What it is: Wine is an open source program that lets you run Windows programs on a Macintosh.
Many programs only run on Windows. Even though Microsoft Excel originated on the Macintosh, Microsoft has improved the Windows version of Excel far faster than the Macintosh version. The end result is that Excel on Windows is still more capable than Excel on the Macintosh. Because many people absolutely need the advanced features of Excel on Windows, they have to run Windows even if they’d really want to use a Macintosh.
For many people, it’s often cheaper and easier to just use a Windows PC. While the initial cost of a Windows PC may be less, there’s the hidden cost of time later when dealing with security and confusing user interface options on Windows. For that reason, many people prefer to pay more up front to use a Macintosh so they’ll have fewer problems in the future.
Of course, if you want to use a Macintosh but need to run Windows programs, you have several choices:
- Boot Camp
- Virtual machine software like VirtualBox, Parallels, VMWare Fusion
Wine is an open source program that anyone can use for free. The main idea behind Wine is to run Windows programs on a Macintosh without needing to buy or install a copy of Windows. Since a copy of Windows costs around $100, you can avoid this extra expense by simply avoiding Windows altogether, yet use Wine to run Windows programs on a Macintosh.
The big problem with Wine is that it may be technically intimidating to install and set up for many users. If you like the idea of Wine but prefer having support to help you install and troubleshoot the process of running Windows programs on a Macintosh without an actual copy of Windows, you may prefer CrossOver. CrossOver is simply the commercial version of Wine so you’re paying for support. The idea behind both Wine and CrossOver is to let you run Windows programs without buying or installing a copy of Windows.
The drawback of both Wine and CrossOver is that not every Windows program is supported. If you need absolute Windows compatibility, then the safest option is to use either Boot Camp or a virtual machine program like Parallels. Boot Camp lets you install a copy of Windows on your hard disk so when you turn on your Macintosh, you have a choice of either using macOS or Windows. Essentially Boot Camp turns your Macintosh into a Windows PC for ultimate compatibility.
The huge drawback with Boot Camp is that turning your Macintosh into a Windows PC negates any advantages of using a Macintosh. To use macOS, you have to exit out of Windows and Boot Camp and load macOS. That means you either use macOS or Windows, but you can never use both at the same time. For occasional use, Boot Camp may be fine (and it’s free with every Macintosh), but for extended use, Boot Camp probably isn’t the solution.
Perhaps the best option is to use virtual machine software. If you’re adventurous and willing to wade through technical details, use VirtualBox, a free, open source program. If you’d rather have better support and simplified installation, then choose Parallels or Fusion.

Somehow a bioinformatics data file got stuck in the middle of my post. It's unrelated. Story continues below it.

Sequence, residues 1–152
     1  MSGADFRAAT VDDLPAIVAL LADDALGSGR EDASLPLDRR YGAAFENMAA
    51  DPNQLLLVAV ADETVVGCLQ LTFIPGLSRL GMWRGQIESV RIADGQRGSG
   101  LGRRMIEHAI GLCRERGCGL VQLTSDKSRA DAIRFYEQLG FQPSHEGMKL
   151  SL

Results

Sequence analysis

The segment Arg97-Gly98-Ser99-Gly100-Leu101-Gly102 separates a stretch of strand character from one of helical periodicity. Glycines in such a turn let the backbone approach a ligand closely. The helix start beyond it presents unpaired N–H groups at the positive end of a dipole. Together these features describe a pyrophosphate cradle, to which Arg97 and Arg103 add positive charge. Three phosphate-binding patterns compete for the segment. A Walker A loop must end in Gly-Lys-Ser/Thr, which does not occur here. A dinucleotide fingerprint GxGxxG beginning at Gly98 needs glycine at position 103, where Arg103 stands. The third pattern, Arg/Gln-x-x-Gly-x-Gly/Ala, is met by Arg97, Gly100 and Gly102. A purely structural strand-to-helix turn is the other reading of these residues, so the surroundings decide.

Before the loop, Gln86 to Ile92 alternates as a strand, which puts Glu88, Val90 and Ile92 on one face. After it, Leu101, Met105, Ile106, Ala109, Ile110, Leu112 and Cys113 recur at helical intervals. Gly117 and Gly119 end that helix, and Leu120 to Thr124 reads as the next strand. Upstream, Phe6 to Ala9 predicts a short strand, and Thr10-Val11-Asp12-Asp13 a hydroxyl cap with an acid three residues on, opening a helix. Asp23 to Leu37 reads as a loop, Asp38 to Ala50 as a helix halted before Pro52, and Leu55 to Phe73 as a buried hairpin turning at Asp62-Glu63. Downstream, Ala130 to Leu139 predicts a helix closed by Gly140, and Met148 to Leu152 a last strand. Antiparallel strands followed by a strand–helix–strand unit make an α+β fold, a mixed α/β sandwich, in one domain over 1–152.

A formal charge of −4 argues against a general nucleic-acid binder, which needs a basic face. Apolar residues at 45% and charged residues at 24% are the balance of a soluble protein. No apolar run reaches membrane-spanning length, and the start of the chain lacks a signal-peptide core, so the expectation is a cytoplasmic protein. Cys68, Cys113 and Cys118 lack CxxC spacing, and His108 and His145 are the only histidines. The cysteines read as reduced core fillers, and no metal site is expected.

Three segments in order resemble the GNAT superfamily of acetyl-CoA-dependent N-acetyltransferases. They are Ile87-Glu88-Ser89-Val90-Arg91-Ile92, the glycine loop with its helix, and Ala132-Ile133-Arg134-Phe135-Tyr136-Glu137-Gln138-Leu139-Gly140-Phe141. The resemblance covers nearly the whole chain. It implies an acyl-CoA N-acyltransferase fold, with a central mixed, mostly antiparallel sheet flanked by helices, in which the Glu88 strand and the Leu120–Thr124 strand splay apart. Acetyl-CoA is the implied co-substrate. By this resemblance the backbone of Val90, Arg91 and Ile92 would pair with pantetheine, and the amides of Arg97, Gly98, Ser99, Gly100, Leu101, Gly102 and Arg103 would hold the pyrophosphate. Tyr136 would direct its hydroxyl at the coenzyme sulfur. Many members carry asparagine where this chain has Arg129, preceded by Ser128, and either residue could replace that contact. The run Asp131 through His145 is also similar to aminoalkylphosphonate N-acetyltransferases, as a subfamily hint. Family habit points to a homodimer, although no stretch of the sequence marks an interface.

The main idea behind a virtual machine is that you must install a copy of Windows on your Macintosh, but the virtual machine software runs Windows in a separate macOS window. That means you can run macOS and Windows at the same time. Even better, you can copy data from a Windows program and paste it into a Macintosh program and vice versa, so virtual machine software provides the most flexibility.
The drawback is that you need to buy and install a copy of Windows on your Macintosh, and virtual machine software is slightly slower than running Windows in Boot Camp. Yet the advantages typically outweigh the drawbacks so if you absolutely need to run Windows on a Macintosh and need guaranteed compatibility, then you’ll need to buy a copy of Windows and install it in a virtual machine program like VirtualBox or Parallels.
So the free options for running Windows on a Macintosh include:
- Wine — may not be compatible with all Windows programs
- Boot Camp — forces you to choose running either macOS or Windows and requires buying a copy of Windows
- VirtualBox — requires buying a copy of Windows and may be difficult for novices to set up and install
The paid options for running Windows on a Macintosh include:
- CrossOver — may not be compatible with all Windows programs
- Parallels — requires buying a copy of Windows
- VMWare Fusion — requires buying a copy of Windows
At one time, Parallels and Fusion were heated rivals where Fusion was slightly more stable than Parallels but Parallels offered more features. Lately, VMWare seems to have neglected Fusion to the point where Parallels is now the undisputed leader being both more stable, faster, and more feature filled than Fusion for the same price. Given a choice, you’d be better off choosing Parallels than Fusion although you can’t go wrong with Fusion.
No matter how you run Windows on a Macintosh, the combination of Windows and macOS running on the same computer gives you greater versatility than any Windows PC. With a Windows PC, you can never run macOS legally. With a Macintosh, you can run Windows and macOS, making the Macintosh the best value for someone who needs to run Windows programs but wants the greater security and ease of use of the Macintosh.